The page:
July 19, 2011
When I checked in late at night at a hotel in Indiana last week, I was greeted by the night desk manager, a young woman with a noticeable limp. She said she had stepped in a hole, ripped up her leg, had three operations, but it still wasn’t right. She was working full-time to help support her parents: her mother, who had suffered an aneurism and was bedridden, and her father, also suffering from disability. None could afford health insurance, so this young woman just had to keep going.
While Congress exhausts itself over a totally artificial, politician-invented fake crisis about lifting the debt ceiling, many Americans struggle to keep a ceiling over their heads. Tuition debt now exceeds credit card debt, as more and more understand the importance of a higher education or training and are burdened with loans they can’t repay for a decade or longer.
Once the Washington drama is over, the debt ceiling will be lifted, but holes in the floor are expanding. Growing poverty among the formerly employed, ex-workers and ex-homeowners is seen as collateral damage in this war at home. These people continue to fall through the cracks of the floor, as others see the ceiling rise that protects their privileges.
This disconnect is blinding. In Washington, Speaker John Boehner and his conservative colleagues insist that cutting spending will create jobs by increasing business confidence. In Indiana and Chicago and across the country, the business people I talk with say they aren’t hiring because they lack customers; they are selling less and earning less. They struggle to remain profitable by trimming costs, laying off workers, cutting back on benefits or shortening up hours. They see the pending layoffs of teachers and police, the exhaustion of unemployment insurance or the payroll tax cut as a threat, not a promise — one that will cost them customers, not give them confidence.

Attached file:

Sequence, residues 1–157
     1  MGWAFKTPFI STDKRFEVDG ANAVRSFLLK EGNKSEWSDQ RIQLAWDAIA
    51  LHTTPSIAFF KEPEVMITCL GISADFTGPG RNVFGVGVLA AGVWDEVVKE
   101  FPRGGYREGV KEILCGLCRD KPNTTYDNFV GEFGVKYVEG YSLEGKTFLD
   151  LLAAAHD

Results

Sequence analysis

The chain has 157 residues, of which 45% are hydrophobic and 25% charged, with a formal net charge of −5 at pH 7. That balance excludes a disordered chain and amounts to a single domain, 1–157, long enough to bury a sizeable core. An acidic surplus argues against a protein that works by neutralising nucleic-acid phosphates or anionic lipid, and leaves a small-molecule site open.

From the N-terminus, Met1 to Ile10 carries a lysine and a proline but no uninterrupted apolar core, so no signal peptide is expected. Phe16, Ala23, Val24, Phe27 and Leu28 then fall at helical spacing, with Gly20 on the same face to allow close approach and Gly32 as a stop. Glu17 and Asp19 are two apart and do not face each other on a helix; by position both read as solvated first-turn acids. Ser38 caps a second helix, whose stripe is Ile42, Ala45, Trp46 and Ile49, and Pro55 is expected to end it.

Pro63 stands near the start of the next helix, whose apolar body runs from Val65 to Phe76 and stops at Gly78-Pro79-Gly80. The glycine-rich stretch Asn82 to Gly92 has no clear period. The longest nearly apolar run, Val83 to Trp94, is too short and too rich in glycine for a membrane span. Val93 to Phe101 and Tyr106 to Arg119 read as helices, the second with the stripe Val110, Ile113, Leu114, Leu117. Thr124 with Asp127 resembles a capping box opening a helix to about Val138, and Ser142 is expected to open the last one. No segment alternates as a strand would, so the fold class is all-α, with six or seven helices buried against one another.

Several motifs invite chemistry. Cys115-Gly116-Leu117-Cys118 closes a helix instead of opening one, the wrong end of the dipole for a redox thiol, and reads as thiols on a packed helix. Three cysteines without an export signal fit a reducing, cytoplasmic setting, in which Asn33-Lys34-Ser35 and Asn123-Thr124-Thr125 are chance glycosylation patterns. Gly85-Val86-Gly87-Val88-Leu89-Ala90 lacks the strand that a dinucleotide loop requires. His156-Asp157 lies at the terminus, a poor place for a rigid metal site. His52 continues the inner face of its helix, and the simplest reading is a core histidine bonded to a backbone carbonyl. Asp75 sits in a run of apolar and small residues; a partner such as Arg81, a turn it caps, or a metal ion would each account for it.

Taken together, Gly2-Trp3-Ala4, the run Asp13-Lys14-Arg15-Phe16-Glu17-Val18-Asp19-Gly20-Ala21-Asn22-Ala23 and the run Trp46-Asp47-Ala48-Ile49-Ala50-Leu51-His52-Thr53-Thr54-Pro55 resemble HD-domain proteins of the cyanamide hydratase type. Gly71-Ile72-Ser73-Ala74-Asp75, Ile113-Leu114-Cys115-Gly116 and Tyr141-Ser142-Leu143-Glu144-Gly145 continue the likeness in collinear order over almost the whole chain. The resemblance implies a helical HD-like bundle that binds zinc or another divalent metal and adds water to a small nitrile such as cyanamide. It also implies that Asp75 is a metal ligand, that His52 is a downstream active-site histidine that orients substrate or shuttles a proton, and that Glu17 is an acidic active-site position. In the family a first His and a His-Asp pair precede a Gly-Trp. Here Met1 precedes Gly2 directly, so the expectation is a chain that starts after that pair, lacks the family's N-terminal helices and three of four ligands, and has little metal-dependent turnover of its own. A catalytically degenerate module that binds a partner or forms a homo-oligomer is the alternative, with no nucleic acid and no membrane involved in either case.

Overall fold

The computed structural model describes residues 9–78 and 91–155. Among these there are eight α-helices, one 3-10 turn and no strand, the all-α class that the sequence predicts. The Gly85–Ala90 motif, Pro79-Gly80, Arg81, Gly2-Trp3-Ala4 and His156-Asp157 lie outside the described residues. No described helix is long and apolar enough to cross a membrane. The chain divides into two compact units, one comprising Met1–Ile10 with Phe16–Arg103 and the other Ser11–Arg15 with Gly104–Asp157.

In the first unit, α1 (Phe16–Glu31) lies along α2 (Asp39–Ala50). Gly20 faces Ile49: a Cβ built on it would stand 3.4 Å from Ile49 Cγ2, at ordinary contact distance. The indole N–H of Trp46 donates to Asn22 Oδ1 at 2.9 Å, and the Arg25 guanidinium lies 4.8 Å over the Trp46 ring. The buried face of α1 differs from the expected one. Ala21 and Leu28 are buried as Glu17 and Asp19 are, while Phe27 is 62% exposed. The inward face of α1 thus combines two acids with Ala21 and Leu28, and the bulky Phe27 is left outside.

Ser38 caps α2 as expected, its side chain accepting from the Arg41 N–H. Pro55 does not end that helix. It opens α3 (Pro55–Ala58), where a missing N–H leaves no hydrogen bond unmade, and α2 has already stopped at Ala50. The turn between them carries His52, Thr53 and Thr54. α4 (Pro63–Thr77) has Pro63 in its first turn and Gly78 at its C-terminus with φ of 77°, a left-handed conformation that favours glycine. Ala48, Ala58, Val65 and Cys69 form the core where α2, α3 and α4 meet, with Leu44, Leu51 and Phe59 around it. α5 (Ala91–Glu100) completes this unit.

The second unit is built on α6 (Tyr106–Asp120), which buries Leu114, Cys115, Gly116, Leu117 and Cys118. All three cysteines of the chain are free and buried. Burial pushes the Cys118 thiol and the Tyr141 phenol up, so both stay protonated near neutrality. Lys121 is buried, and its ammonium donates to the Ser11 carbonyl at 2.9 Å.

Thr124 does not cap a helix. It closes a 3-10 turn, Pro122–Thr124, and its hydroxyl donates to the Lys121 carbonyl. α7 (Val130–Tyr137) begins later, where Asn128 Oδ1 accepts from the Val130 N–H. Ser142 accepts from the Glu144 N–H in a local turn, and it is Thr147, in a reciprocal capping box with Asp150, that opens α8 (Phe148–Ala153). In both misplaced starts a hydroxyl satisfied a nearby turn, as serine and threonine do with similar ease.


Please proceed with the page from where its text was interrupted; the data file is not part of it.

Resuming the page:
Dr. King used to warn that blacks are last in line for prosperity and first in line for pain, last to be hired and first to be fired. We’ve made immense strides on ending segregation and opening up locked doors. Today, when the Bears play the Colts, whites from Chicago wear Hester jerseys; blacks from Indianapolis wear Manning jerseys — and both have black head coaches. When Barack Obama was elected president, Europeans marveled, knowing how impossible it would be to elect a minority president in their countries.
But even with these strides, racial economic inequality is worse than when Dr. King left us. And in this crisis, blacks have suffered the most. African-American communities were targeted by the subprime mortgage operators who aggressively peddled mortgages they knew their customers could not afford — and in many cases, did not understand. Houses represent virtually all of middle-income families’ wealth. They’ve lost nearly half their value in many communities, erasing wealth that many thought might help pay for a college education or a decent retirement.
The result is tragic. In 2004, the median wealth of white families was $134,280; for blacks, it was a tenth of that, $13,450. But a new black middle class was growing, stretching to buy homes, starting to feel greater security. Then came the Great Recession. By 2009, white families had lost nearly a fourth of their wealth, down to a little less than $98,000. Blacks had lost 83 percent of their wealth, down to $2,170. That rising middle class had been more than decimated. And no surprise, with black male employment at record lows — only 56 percent of black men over age 20 are working. And while the white unemployment rate has declined marginally since the economy started to grow again, blacks have continued to suffer rising unemployment. It’s likely to keep rising as state and public employees, disproportionately minority, face steep layoffs.
As the young desk manager at the hotel demonstrates, while African Americans may have suffered the most, working and middle class families of all races are struggling. Blacks are not bearing this pain exclusively, but are, disproportionately, the canary in the coal mine. But there are many more birds in the mine choking on the toxic fumes of economic desperation. They have neither the time nor the patience to follow the convoluted politics of Washington. They do know their interests are not being served, and while politicians seem deaf to them now, they are likely to hear from them in the 2012 elections.